A NJ Transit train has struck a wall this morning after entering the station in Hoboken, NJ. CBS NY reports that it occurred at about 8:45 a.m. at the Lackawanna Station off of Hudson Place.
Serious injuries have been reported, but the exact details are not known yet.
CBS reports that images of the scene posted to social media showed mangled metal, wires and debris scattered all over the floor. It appears part of the ceiling may have also collapsed. The train went right through the barriers and into the reception area.
UPDATE: WABC News is reporting that about 100 people were injured and multiple passengers are trapped. 1 person was killed.
The train was number 1614 on the Pascack Valley Line that departed from Spring Valley about an hour before the crash.
“We were pulling into the station, I was thinking we’re not stopping,” a train passenger named Lauren, who said she was sitting in the second car of the train, told CBS2.
CBS Evening News executive producer Steve Capus described what he saw shortly after arriving on the scene.
“There is a triage set up here where people who have been injured are being treated and evaluated,” he told 1010 WINS. “I can tell you there are scores of people here, many of them with bloodied shirts, clothing, head injuries — I saw one person with what appeared to be a broken leg. There are also bringing more severely injured people out on stretchers.”
UPDATE: The following report is from our syndicate partner, The Washington Post, with reporting by Lindsey Bever, Martine Powers, Ashley Halsey III, and Mark Berman:
A New Jersey Transit commuter train crashed into the station in Hoboken during rush hour Thursday morning, resulting in “multiple critical” injuries, officials said.
At approximately 8:45 a.m., the NJT Pascack Valley Line train, which was traveling from Spring Valley, N.J., crashed into Hoboken Terminal, a NJ Transit spokeswoman said. “Initial reports indicate multiple critical injuries,” she said.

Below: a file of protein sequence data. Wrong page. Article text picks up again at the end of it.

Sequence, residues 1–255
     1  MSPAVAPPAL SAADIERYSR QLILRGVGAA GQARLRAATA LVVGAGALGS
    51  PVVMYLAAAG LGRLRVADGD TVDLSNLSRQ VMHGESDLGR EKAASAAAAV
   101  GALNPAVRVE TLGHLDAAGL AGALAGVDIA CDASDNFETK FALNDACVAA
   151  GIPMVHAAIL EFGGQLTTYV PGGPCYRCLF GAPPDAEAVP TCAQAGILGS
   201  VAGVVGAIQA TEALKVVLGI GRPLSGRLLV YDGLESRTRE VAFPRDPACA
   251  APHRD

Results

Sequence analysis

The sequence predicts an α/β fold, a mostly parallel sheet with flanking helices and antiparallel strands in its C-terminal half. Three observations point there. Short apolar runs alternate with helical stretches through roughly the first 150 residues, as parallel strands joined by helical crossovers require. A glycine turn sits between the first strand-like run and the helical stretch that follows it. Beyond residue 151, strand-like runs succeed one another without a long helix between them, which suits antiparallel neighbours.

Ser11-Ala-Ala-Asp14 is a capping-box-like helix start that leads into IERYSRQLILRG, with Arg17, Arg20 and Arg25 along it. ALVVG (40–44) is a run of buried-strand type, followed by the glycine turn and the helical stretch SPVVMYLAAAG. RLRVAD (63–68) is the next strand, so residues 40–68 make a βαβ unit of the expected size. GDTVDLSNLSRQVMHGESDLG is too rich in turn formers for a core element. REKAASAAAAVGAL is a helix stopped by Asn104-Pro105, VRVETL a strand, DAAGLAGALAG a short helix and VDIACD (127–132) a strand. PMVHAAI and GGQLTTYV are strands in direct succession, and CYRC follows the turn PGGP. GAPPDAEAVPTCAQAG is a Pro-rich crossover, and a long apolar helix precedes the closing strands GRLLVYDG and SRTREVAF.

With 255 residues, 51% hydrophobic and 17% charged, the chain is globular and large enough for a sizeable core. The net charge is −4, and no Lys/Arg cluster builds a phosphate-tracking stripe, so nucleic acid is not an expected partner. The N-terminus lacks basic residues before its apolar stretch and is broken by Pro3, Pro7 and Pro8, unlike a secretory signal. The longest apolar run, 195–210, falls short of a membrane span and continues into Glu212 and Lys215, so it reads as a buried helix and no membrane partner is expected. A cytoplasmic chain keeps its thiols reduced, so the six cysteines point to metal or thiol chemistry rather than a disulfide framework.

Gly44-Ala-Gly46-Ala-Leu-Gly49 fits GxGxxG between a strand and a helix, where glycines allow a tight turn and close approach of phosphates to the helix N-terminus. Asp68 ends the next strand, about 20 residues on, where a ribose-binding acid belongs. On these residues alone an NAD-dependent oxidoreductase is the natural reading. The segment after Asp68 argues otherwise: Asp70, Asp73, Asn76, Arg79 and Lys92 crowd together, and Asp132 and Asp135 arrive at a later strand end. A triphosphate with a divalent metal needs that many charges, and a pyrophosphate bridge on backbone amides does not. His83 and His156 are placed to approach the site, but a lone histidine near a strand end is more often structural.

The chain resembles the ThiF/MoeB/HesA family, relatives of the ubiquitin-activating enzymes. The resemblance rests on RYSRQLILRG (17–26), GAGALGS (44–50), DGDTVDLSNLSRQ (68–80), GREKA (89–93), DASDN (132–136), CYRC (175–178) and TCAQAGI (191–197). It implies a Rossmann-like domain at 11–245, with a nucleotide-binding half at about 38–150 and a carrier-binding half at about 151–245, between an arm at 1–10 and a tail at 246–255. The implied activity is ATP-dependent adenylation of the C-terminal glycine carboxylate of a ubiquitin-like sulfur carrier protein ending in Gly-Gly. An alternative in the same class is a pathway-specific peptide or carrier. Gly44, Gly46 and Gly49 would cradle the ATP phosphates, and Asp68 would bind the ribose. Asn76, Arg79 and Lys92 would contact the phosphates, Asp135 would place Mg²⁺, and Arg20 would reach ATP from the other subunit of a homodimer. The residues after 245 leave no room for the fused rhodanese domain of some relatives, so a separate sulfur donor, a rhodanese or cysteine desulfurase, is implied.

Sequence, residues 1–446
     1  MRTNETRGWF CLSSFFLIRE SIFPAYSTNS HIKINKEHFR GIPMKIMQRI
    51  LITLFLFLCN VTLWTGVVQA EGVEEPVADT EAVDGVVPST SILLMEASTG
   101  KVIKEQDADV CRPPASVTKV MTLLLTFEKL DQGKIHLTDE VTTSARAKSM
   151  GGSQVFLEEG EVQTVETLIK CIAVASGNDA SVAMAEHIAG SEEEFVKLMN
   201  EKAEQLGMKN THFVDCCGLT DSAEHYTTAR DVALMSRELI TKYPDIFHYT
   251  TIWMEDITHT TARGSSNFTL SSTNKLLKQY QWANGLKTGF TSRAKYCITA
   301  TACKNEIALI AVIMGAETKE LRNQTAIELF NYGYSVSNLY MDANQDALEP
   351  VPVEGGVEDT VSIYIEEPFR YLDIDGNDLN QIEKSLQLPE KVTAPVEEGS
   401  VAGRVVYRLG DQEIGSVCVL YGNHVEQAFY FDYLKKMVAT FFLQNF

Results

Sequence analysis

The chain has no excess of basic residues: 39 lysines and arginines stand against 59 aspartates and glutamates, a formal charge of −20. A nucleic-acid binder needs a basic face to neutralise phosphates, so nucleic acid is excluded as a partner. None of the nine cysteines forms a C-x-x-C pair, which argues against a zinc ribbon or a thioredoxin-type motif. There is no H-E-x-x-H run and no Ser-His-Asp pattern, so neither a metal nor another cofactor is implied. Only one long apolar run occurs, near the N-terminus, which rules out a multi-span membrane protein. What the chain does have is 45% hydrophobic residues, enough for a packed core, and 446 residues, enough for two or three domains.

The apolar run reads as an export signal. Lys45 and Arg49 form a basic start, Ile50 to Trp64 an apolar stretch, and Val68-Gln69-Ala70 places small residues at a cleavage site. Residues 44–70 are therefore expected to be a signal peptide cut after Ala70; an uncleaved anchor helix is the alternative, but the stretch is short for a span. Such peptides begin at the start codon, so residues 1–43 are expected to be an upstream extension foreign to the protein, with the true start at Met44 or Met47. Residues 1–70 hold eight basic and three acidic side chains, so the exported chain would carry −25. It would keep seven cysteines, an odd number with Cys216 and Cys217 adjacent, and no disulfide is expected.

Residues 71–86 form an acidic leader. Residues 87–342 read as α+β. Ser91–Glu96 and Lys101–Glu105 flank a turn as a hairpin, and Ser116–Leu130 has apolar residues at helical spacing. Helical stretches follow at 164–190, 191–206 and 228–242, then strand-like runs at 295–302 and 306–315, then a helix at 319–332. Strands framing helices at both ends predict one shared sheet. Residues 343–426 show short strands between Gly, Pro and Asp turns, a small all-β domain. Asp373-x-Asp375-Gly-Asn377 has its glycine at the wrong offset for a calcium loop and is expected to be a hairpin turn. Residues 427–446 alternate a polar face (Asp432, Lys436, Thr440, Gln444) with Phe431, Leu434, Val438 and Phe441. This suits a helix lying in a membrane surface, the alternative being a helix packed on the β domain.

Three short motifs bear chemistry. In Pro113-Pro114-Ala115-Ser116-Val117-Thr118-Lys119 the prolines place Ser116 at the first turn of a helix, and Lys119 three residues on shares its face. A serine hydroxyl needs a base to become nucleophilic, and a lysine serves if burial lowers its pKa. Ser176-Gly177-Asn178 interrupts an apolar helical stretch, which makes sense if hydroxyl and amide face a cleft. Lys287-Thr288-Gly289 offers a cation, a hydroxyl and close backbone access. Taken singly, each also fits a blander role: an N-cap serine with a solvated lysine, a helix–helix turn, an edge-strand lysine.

Officials with New Jersey’s Emergency Medical Services office told ABC affiliate WABC that there were more than 100 injuries reported; New Jersey Transit said some passengers were trapped under the debris.
Most of those who were injured were in the first car or standing on the platform; passengers in the other cars were better able to escape, according to WABC.
“My train just derailed and crashed into the Hoboken train station,” one passenger wrote. “Thankfully all I got was a crack to my head, please pray for the rest.”
Emergency responders flooded the area and were seen treating some people outside the station and transporting others to hospitals in Hoboken, which is directly across the Hudson River from New York City.
The Federal Railroad Administration and the National Transportation Safety Board have dispatched investigation teams.
The FBI office in Newark said it has been in touch with law enforcement officials and had offered its assistance in responding to the crash. The New Jersey State Police also sent troopers to the scene, which they said was being managed by the New Jersey Transit agency.
Officials, including those at the NTSB, did not immediately say Thursday what could have caused the crash. But in the immediate aftermath, transportation officials, rather than law enforcement authorities, took the lead on the response and investigation, suggesting that terrorism was not initially suspected as a cause.
Train 1614 struck the building on track 5, NJ Transit said. The train came to a halt in a covered area between the station’s indoor waiting area and the platform, according to the Associated Press, which noted that a metal structure covering the area collapsed.
“It simply did not stop,” WFAN anchor John Minko, who witnessed the crash, told 1010 WINS. “It went right through the barriers and into the reception area.”
One passenger, Joe Breen, said the train had just passed through a tunnel and had stopped before it started up again.
“It was going, I’d speculate, 10 to 15 miles per hour into the station, and it never slowed down,” Breen told CBS News. “It rammed into the barrier and basically kept going.”
Breen said passengers who had been standing in the aisle, preparing to get off, “kind of flew back,” with some hitting their heads.
Rail service has been suspended in and out of Hoboken.
An average of 60,000 people travel through Hoboken Terminal every weekday, making it one of the largest transportation hubs in the New York region. In addition to New Jersey Transit, the station also serves trains from Metro-North, the Port Authority Trans Hudson, and the Hudson-Bergen Light Rail system, along with New York Waterway ferries.